We have discussed in previous episode how important driver’s are to the continued success and growth of the company so in this episode we help show a little more of that overall commitment.  As always, please don’t hesitate to reach out to me with any comments or questions at 810-233-7331 ext 238 or via email at jberlin@elhc.net.

Episode 4: Customer Service

In this episode of the ELH podcast I discuss customer service.  I discuss the differences between internal and external customers and why both are important.  Growing any company requires a focus on customers but most only focus on the external customers and forget there are important people in their own organization that help provide ultimate value to the external customers.

In our organization, internal customers are extremely important and it would benefit everyone to remember that and try to improve how we treat others within our own company.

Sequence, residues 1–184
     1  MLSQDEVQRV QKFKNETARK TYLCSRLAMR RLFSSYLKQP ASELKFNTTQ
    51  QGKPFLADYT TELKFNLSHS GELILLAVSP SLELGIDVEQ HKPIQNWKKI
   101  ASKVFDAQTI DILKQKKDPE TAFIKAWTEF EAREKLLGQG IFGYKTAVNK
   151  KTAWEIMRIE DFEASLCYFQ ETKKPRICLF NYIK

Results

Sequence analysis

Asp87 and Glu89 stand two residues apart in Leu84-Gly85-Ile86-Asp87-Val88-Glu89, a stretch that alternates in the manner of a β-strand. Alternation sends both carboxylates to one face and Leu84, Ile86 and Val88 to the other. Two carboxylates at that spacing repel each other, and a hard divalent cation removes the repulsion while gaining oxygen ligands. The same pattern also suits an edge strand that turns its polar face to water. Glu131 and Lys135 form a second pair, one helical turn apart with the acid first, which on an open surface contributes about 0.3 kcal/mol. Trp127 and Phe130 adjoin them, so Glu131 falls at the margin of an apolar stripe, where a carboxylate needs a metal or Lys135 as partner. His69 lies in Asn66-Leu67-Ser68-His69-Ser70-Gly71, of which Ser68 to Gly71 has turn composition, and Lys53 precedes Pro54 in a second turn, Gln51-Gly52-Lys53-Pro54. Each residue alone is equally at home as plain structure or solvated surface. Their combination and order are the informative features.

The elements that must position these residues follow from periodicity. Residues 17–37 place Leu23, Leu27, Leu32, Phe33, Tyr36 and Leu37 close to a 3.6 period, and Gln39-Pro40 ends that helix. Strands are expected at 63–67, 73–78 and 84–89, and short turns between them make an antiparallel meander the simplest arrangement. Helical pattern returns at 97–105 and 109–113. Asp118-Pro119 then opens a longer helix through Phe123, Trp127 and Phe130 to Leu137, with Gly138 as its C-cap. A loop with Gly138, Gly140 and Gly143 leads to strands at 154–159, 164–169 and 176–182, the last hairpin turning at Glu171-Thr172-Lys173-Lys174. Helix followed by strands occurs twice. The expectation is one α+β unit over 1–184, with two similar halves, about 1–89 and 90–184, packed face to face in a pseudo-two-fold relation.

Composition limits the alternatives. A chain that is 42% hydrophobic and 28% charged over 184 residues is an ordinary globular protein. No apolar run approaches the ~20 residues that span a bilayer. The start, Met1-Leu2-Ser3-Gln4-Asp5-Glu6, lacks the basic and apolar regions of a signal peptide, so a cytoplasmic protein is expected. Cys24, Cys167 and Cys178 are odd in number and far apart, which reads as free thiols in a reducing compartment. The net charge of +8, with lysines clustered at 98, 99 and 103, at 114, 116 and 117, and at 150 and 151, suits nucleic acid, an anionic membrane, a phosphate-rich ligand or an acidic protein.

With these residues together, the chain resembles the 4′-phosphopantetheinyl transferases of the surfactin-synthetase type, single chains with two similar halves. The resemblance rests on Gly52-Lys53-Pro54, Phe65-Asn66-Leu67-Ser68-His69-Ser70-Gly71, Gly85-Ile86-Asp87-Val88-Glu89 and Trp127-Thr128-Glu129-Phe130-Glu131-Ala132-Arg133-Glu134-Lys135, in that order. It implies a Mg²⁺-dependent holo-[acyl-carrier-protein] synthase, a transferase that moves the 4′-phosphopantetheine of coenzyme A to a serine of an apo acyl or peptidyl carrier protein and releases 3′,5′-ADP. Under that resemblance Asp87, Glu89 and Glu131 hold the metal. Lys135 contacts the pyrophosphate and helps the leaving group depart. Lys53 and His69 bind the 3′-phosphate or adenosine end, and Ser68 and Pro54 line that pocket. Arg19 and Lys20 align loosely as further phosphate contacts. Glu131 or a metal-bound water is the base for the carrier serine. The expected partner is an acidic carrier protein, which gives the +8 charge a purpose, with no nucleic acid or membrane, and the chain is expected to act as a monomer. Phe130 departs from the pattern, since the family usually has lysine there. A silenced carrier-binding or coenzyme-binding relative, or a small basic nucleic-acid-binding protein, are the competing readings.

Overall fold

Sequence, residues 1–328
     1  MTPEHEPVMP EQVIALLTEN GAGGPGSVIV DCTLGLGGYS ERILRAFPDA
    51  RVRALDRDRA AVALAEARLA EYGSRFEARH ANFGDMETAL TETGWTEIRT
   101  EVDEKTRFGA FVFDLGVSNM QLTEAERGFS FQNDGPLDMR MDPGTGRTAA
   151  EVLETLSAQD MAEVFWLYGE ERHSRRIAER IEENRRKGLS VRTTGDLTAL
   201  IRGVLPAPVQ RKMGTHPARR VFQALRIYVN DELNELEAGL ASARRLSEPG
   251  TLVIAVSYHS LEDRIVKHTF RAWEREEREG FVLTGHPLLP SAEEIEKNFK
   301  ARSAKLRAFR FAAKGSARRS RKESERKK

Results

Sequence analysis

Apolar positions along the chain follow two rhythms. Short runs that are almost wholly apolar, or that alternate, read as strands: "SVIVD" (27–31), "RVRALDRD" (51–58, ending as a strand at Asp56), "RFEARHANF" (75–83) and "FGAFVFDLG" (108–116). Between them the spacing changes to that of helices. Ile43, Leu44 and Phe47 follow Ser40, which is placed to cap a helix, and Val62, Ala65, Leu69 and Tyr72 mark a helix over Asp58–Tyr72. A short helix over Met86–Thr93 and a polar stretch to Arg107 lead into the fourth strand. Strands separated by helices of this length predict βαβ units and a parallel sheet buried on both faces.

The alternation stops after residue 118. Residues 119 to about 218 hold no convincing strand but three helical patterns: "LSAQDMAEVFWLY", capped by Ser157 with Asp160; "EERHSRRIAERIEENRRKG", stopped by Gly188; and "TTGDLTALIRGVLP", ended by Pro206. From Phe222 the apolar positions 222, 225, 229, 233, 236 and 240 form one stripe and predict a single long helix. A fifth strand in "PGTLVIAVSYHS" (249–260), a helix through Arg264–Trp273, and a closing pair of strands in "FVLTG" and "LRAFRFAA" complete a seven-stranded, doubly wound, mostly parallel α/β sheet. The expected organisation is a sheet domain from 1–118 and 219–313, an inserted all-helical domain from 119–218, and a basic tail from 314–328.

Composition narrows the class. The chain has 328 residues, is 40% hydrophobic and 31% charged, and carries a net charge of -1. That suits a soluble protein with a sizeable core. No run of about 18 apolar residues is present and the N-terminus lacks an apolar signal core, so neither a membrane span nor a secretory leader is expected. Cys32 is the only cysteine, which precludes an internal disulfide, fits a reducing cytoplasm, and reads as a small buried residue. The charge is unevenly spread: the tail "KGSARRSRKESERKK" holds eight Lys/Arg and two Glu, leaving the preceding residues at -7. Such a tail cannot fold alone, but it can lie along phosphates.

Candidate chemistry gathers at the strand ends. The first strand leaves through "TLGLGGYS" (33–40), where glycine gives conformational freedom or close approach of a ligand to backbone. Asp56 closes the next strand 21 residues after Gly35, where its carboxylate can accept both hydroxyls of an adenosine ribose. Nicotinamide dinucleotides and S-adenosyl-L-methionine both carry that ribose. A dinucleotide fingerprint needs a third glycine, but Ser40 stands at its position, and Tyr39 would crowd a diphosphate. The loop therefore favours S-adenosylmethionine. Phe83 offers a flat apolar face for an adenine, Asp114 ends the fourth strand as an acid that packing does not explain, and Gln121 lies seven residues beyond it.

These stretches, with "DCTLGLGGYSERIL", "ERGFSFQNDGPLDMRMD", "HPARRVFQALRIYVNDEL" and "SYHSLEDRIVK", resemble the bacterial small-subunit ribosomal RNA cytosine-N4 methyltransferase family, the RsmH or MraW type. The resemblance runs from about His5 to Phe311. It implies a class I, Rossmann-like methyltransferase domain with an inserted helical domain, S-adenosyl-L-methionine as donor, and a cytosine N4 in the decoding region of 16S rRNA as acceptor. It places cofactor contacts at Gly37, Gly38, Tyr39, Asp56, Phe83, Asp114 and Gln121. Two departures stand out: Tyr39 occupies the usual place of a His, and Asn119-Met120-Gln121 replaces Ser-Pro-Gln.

Episode 3: New Trucks

In this episode I talk about the new trucks we received in 2016 and 2017 and some things we can all do to make them work for us just a little better.  There is also some encouragement for those who are driving the new trucks to take just a little extra time to make sure they stay nice.

The primary reason for this podcast in the first place is for us to be able to communicate.  I spend a little time discussing what communication is and why it is so important.  Communication is a two-way street, it’s not just me pushing information to you, it’s the feedback and questions that you send that keep the discussion flowing and information getting successfully passed.

As always, please contact me with any questions at 810-233-7331 ext 238 or via email at jberlin@elhc.net.

Episode 2: Company and Divisions